The feedback effects of canopy architecture : why are African acacias flat-topped?

dc.contributor.advisorMidgley, Jeremy Jen_ZA
dc.contributor.authorMcLean, Philen_ZA
dc.date.accessioned2017-10-11T10:52:32Z
dc.date.available2017-10-11T10:52:32Z
dc.date.issued1999en_ZA
dc.date.updated2017-02-08T08:01:51Z
dc.description.abstractOnly the African acacias have a so-called flat topped crown. This study identifies this architecture using the simple measures of height, diameter and spread. In this way the flat-topped species are identified and differentiated from the other acacia species (A. nilotica & A. tortilis). It has been suggested that this shape is an anti-herbivore mechanism. We demonstrate how these trees spend a lot of energy in defence, which indicates that the canopy shape is a poor anti-herbivore device. Measurements of the height of grass outside the canopies indicate that these species inhabit areas of long grass. At the same time, our data show that at least one of these species (A. nilotica) is extremely fire sensitive (60% mortality). The effect which saves these trees from fire is shorter grass beneath their crowns providing a low-fuel fire buffer for the trunk. However, none of the conventional effects of canopy are able to cause this effect (shade, nutrients). We propose that the shade and nutrient-rich undercanopy grass (as well as the pods of these animal-dispersed trees) encourages large grazing mammals to spend time under these trees. These animals then, are responsible for lowering the height of the grass cover by grazing and trampling, and hence save the trees from fire. We suggest an animal - flat-topped tree mutualism where food and shade are exchanged for seed dispersal and fire protection.en_ZA
dc.identifier.apacitationMcLean, P. (1999). <i>The feedback effects of canopy architecture : why are African acacias flat-topped?</i>. (Thesis). University of Cape Town ,Faculty of Science ,Department of Biological Sciences. Retrieved from http://hdl.handle.net/11427/25571en_ZA
dc.identifier.chicagocitationMcLean, Phil. <i>"The feedback effects of canopy architecture : why are African acacias flat-topped?."</i> Thesis., University of Cape Town ,Faculty of Science ,Department of Biological Sciences, 1999. http://hdl.handle.net/11427/25571en_ZA
dc.identifier.citationMcLean, P. 1999. The feedback effects of canopy architecture : why are African acacias flat-topped?. University of Cape Town.en_ZA
dc.identifier.ris TY - Thesis / Dissertation AU - McLean, Phil AB - Only the African acacias have a so-called flat topped crown. This study identifies this architecture using the simple measures of height, diameter and spread. In this way the flat-topped species are identified and differentiated from the other acacia species (A. nilotica &amp; A. tortilis). It has been suggested that this shape is an anti-herbivore mechanism. We demonstrate how these trees spend a lot of energy in defence, which indicates that the canopy shape is a poor anti-herbivore device. Measurements of the height of grass outside the canopies indicate that these species inhabit areas of long grass. At the same time, our data show that at least one of these species (A. nilotica) is extremely fire sensitive (60% mortality). The effect which saves these trees from fire is shorter grass beneath their crowns providing a low-fuel fire buffer for the trunk. However, none of the conventional effects of canopy are able to cause this effect (shade, nutrients). We propose that the shade and nutrient-rich undercanopy grass (as well as the pods of these animal-dispersed trees) encourages large grazing mammals to spend time under these trees. These animals then, are responsible for lowering the height of the grass cover by grazing and trampling, and hence save the trees from fire. We suggest an animal - flat-topped tree mutualism where food and shade are exchanged for seed dispersal and fire protection. DA - 1999 DB - OpenUCT DP - University of Cape Town LK - https://open.uct.ac.za PB - University of Cape Town PY - 1999 T1 - The feedback effects of canopy architecture : why are African acacias flat-topped? TI - The feedback effects of canopy architecture : why are African acacias flat-topped? UR - http://hdl.handle.net/11427/25571 ER - en_ZA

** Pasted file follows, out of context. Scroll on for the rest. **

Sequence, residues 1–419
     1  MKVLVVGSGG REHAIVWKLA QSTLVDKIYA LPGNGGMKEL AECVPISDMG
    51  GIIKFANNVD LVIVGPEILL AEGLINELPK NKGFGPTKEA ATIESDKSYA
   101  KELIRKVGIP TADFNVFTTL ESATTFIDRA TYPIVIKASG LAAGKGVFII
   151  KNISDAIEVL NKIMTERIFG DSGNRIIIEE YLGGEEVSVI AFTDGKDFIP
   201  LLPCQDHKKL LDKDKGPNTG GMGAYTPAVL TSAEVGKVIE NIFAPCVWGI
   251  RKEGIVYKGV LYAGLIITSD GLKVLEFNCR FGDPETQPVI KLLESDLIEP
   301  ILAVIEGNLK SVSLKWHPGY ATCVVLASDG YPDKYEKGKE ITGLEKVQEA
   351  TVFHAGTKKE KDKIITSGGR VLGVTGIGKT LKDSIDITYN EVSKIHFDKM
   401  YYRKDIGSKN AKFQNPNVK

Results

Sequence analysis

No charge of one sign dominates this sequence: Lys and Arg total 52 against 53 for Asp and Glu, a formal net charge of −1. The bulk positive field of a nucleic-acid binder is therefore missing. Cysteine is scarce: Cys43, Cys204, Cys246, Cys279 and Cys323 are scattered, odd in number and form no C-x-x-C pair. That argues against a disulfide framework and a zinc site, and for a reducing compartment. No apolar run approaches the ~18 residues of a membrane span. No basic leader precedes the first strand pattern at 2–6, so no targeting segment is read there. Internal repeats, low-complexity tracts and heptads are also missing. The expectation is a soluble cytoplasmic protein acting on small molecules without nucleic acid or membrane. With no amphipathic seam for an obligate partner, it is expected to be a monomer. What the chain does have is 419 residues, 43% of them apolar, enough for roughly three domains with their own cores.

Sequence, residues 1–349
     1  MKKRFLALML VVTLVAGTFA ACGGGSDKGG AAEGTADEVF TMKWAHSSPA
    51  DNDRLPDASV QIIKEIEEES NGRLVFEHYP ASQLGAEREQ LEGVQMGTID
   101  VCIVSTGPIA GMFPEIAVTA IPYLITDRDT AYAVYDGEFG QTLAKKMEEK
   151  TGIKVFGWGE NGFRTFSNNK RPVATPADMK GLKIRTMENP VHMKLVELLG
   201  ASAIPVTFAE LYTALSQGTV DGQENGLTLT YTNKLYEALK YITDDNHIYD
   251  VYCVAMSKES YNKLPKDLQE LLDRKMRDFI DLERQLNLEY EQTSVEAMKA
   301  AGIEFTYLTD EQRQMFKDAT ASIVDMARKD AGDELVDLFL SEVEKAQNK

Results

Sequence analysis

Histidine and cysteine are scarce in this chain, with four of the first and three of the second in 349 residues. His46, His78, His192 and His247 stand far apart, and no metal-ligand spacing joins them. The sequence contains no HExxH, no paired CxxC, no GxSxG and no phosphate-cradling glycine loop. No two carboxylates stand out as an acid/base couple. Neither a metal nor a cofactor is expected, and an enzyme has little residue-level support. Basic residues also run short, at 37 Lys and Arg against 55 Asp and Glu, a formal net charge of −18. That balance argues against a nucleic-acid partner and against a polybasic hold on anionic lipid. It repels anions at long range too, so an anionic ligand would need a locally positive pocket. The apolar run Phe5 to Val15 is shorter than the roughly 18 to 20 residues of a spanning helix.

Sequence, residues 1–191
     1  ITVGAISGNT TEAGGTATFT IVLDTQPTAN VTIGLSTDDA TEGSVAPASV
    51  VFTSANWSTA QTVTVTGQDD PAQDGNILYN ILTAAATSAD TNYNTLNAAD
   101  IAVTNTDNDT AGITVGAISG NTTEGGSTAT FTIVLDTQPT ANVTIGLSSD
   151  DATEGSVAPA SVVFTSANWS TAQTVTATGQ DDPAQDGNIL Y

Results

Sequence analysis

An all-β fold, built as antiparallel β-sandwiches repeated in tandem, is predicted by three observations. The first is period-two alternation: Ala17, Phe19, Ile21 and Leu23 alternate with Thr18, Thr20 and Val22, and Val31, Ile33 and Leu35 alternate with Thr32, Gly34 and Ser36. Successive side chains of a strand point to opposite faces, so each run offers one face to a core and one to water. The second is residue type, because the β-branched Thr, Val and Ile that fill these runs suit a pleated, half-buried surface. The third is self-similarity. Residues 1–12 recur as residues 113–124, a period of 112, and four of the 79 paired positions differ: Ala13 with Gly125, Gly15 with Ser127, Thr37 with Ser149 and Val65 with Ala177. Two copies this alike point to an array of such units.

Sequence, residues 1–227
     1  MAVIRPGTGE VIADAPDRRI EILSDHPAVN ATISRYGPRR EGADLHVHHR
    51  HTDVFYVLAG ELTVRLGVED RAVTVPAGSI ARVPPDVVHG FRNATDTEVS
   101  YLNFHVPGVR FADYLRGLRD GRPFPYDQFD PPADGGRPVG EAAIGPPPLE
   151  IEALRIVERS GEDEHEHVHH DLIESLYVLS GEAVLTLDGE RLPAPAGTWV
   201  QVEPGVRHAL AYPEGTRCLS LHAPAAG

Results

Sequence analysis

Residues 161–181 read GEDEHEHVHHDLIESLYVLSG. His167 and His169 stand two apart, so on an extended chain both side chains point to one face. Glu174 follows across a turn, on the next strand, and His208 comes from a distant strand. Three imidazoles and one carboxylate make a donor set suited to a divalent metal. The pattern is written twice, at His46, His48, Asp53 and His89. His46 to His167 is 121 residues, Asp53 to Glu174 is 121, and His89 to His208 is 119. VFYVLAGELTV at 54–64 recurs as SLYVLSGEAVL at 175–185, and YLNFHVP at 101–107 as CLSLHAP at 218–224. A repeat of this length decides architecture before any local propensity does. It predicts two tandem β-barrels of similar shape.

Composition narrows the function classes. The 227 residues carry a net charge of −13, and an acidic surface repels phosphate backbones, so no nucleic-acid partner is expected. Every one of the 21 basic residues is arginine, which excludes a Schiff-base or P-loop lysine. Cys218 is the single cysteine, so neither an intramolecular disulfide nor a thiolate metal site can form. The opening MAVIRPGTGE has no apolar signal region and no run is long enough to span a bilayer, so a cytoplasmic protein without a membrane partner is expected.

dc.identifier.urihttp://hdl.handle.net/11427/25571
dc.identifier.vancouvercitationMcLean P. The feedback effects of canopy architecture : why are African acacias flat-topped?. [Thesis]. University of Cape Town ,Faculty of Science ,Department of Biological Sciences, 1999 [cited yyyy month dd]. Available from: http://hdl.handle.net/11427/25571en_ZA
dc.language.isoengen_ZA
dc.publisher.departmentDepartment of Biological Sciencesen_ZA
dc.publisher.facultyFaculty of Scienceen_ZA
dc.publisher.institutionUniversity of Cape Town
dc.subject.otherBotanyen_ZA
dc.titleThe feedback effects of canopy architecture : why are African acacias flat-topped?en_ZA
dc.typeBachelor Thesis
dc.type.qualificationlevelHonours
dc.type.qualificationnameBSc (Hons)en_ZA
uct.type.filetype
uct.type.filetypeText
uct.type.filetypeImage
uct.type.publicationResearchen_ZA
uct.type.resourceThesisen_ZA
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